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Sea ice contribution to the air–sea CO2 exchange in the Arctic and Southern Oceans

Authors

  • SØREN RYSGAARD,

    Corresponding author
    1. Greenland Climate Research Centre, Greenland Institute of Natural Resources, Kivioq 2, 3900 Nuuk, Greenland
    2. Centre for Earth Observation Science, CHR Faculty of Environment Earth and Resources, University of Manitoba, 499 Wallace Building, Winnipeg, MB R3T 2N2, Canada
      e-mail: rysgaard@natur.gl
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  • JØRGEN BENDTSEN,

    1. Greenland Climate Research Centre, Greenland Institute of Natural Resources, Kivioq 2, 3900 Nuuk, Greenland
    2. Centre for Ice and Climate, Niels Bohr Institute, University of Copenhagen, Juliane Maries vej 30, 2100 Copenhagen O, Denmark
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  • BRUNO DELILLE,

    1. Unité d’Oceanographie Chimique, Interfacultary Centre for Marine Research, Université de Liége, Allée du 6 Août, 17, 4000 Liège, Belgium
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  • GERHARD S. DIECKMANN,

    1. Alfred Wegener Institute for Polar and Marine Research, Am Handelshafen 12, 27570 Bremerhaven, Germany
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  • RONNIE N. GLUD,

    1. Greenland Climate Research Centre, Greenland Institute of Natural Resources, Kivioq 2, 3900 Nuuk, Greenland
    2. Scottish Association of Marine Sciences, Scotland UK, Southern Danish University and NordCee, Odense M, Denmark
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  • HILARY KENNEDY,

    1. School of Ocean Sciences, Bangor University, Menai Bridge, Anglesey LL59 5AB, Wales, United Kingdom
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  • JOHN MORTENSEN,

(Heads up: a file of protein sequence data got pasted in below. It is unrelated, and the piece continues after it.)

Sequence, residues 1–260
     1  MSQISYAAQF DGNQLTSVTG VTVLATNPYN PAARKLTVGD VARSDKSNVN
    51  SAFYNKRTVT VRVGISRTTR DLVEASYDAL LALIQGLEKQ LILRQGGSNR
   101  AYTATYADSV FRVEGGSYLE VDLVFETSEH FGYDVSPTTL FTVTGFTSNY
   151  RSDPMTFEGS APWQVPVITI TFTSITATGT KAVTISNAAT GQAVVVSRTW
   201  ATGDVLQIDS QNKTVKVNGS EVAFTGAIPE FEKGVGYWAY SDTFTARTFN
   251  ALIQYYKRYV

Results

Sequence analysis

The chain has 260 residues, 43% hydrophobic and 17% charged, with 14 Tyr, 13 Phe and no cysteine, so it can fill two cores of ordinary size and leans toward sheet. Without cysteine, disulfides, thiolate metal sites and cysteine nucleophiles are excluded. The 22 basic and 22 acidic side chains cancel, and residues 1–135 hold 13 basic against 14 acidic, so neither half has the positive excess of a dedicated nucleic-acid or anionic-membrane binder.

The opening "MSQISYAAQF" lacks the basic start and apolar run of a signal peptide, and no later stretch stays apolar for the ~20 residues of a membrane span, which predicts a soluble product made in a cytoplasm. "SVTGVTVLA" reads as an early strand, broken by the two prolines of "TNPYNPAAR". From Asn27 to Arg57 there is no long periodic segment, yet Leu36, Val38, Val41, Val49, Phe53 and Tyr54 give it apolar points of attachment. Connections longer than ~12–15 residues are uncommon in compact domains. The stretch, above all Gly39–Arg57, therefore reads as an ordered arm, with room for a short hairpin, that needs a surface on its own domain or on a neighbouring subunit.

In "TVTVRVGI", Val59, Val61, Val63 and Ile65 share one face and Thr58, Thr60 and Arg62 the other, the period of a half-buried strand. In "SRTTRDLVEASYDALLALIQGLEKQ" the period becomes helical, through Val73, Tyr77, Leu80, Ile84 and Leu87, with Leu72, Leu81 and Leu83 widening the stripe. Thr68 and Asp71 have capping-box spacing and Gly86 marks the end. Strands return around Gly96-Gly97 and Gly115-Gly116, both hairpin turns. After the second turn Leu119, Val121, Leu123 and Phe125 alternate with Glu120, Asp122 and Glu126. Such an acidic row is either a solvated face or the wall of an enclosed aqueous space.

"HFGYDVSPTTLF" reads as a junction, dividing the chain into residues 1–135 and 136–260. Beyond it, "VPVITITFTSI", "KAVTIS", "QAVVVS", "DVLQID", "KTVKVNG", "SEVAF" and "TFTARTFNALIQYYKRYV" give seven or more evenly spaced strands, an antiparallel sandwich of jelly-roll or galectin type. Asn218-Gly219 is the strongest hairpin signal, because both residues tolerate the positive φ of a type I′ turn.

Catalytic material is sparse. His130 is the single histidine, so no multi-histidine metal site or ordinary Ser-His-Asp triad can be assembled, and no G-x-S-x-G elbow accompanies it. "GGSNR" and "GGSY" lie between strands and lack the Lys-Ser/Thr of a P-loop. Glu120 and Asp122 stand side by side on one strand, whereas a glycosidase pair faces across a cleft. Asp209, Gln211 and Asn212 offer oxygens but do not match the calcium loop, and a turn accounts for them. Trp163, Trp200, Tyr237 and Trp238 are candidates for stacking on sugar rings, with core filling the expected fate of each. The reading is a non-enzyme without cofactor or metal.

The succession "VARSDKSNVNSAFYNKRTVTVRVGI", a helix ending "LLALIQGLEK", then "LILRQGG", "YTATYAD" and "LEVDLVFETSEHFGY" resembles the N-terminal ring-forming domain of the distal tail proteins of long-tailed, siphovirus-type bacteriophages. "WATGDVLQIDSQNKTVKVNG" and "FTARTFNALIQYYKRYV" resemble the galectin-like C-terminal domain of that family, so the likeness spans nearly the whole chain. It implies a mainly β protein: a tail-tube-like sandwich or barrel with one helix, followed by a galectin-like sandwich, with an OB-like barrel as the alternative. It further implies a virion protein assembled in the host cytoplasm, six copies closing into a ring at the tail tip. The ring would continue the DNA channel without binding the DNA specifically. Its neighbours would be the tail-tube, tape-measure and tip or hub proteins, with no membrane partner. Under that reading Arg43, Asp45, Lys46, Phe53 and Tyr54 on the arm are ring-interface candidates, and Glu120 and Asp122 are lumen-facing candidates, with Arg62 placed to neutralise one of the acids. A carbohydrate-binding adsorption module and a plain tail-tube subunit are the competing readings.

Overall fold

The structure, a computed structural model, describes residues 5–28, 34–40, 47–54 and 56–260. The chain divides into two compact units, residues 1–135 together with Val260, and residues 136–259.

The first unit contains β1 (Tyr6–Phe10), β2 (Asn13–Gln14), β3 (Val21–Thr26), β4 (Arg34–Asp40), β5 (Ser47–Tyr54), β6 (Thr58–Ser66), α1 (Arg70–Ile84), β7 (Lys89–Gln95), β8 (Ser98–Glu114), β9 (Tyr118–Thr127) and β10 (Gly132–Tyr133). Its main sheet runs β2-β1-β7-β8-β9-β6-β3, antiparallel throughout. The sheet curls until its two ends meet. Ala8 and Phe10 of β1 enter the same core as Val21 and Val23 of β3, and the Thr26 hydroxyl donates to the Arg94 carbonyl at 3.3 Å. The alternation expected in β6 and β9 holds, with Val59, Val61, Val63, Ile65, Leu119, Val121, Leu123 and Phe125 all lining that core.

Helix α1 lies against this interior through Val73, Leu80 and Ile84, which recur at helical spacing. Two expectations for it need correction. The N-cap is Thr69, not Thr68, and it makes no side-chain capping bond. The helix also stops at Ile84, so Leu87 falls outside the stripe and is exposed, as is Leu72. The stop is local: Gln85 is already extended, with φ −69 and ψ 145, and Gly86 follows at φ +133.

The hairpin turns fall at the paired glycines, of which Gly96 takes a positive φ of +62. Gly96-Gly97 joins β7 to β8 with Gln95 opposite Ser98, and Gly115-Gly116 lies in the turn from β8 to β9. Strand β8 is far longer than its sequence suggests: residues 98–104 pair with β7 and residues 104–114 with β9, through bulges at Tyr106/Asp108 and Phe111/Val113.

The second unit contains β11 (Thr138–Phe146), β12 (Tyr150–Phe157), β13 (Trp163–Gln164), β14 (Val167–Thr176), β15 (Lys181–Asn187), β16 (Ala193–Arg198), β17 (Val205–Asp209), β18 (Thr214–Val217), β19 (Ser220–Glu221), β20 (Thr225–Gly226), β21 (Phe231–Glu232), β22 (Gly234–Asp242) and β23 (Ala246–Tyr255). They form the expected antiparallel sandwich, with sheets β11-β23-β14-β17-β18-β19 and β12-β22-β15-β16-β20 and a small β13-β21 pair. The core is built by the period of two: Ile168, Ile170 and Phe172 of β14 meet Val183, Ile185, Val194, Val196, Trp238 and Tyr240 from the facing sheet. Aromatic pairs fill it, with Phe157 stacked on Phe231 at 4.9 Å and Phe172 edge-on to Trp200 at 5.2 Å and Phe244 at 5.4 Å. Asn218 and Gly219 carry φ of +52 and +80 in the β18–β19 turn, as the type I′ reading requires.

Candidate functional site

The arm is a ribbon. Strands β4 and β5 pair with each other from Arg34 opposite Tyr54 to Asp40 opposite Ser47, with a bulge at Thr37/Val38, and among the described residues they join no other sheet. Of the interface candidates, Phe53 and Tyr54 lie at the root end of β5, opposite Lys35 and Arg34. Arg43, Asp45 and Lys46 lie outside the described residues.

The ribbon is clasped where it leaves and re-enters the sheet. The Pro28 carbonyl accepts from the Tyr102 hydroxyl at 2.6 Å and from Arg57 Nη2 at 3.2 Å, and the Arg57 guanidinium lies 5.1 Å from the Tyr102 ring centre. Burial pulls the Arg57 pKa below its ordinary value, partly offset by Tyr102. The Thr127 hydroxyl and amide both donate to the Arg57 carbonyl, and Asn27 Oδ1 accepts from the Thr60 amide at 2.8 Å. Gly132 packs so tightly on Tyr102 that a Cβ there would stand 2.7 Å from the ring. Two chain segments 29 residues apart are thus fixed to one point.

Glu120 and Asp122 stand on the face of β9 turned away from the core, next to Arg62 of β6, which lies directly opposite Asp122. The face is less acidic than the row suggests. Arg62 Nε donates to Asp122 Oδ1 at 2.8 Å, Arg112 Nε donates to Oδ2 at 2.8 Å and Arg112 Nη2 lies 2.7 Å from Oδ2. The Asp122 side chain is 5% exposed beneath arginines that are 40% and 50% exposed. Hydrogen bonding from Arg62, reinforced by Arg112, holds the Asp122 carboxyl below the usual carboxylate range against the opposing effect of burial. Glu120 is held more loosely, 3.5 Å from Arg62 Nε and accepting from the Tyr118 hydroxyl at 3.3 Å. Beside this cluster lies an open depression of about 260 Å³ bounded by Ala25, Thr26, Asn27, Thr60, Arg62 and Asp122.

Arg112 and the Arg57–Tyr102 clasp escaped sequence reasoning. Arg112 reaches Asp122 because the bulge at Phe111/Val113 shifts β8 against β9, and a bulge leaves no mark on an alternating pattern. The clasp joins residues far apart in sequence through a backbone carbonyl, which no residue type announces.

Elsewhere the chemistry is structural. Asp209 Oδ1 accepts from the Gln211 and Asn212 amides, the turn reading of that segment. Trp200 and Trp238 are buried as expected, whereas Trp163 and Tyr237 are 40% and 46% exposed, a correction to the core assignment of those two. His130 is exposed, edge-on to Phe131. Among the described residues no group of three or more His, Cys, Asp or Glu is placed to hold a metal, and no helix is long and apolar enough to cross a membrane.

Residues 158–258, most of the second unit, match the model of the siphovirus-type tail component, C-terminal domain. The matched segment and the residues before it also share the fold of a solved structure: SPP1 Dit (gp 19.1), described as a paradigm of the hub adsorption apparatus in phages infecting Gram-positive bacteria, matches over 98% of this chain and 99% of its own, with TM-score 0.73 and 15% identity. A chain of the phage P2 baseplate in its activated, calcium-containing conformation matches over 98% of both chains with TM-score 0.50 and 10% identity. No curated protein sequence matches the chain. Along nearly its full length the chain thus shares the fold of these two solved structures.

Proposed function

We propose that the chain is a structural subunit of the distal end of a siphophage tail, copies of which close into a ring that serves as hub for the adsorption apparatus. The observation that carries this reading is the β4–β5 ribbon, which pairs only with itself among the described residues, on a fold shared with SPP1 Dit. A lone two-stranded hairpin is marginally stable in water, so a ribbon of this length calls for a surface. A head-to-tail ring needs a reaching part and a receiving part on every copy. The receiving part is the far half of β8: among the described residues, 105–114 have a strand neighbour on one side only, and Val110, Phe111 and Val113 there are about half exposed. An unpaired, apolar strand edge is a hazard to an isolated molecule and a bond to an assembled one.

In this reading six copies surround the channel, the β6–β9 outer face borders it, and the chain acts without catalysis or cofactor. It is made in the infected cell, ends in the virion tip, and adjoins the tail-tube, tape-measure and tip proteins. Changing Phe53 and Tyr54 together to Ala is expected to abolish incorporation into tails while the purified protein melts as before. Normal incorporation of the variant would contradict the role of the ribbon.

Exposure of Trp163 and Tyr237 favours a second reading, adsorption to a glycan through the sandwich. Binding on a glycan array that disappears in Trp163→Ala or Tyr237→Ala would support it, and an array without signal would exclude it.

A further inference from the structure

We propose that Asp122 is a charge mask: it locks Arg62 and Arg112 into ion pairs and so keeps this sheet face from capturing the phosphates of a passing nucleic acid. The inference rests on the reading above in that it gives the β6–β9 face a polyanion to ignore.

1. Greenland Climate Research Centre, Greenland Institute of Natural Resources, Kivioq 2, 3900 Nuuk, Greenland
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  • STATHYS PAPADIMITRIOU,

    1. School of Ocean Sciences, Bangor University, Menai Bridge, Anglesey LL59 5AB, Wales, United Kingdom
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  • DAVID N. THOMAS,

    1. School of Ocean Sciences, Bangor University, Menai Bridge, Anglesey LL59 5AB, Wales, United Kingdom
    2. Finnish Environment Institute (SYKE), Marine Research Centre, Erik Palmenin aukio 1, P.O. Box 140, FI – 00251 Helsinki, Finland
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  • JEAN-LOUIS TISON

    1. Glaciology Unit, Department of Earth and Environmental Sciences, Université Libre de Bruxelles, CP 160/03, 50 Ave. F. D. Roosevelt, 1050 Bruxelles, Belgium
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e-mail: rysgaard@natur.gl

ABSTRACT

Although salt rejection from sea ice is a key process in deep-water formation in ice-covered seas, the concurrent rejection of CO2 and the subsequent effect on air–sea CO2 exchange have received little attention. We review the mechanisms by which sea ice directly and indirectly controls the air–sea CO2 exchange and use recent measurements of inorganic carbon compounds in bulk sea ice to estimate that oceanic CO2 uptake during the seasonal cycle of sea-ice growth and decay in ice-covered oceanic regions equals almost half of the net atmospheric CO2 uptake in ice-free polar seas. This sea-ice driven CO2 uptake has not been considered so far in estimates of global oceanic CO2 uptake. Net CO2 uptake in sea-ice–covered oceans can be driven by; (1) rejection during sea–ice formation and sinking of CO2-rich brine into intermediate and abyssal oceanic water masses, (2) blocking of air–sea CO2 exchange during winter, and (3) release of CO2-depleted melt water with excess total alkalinity during sea-ice decay and (4) biological CO2 drawdown during primary production in sea ice and surface oceanic waters.

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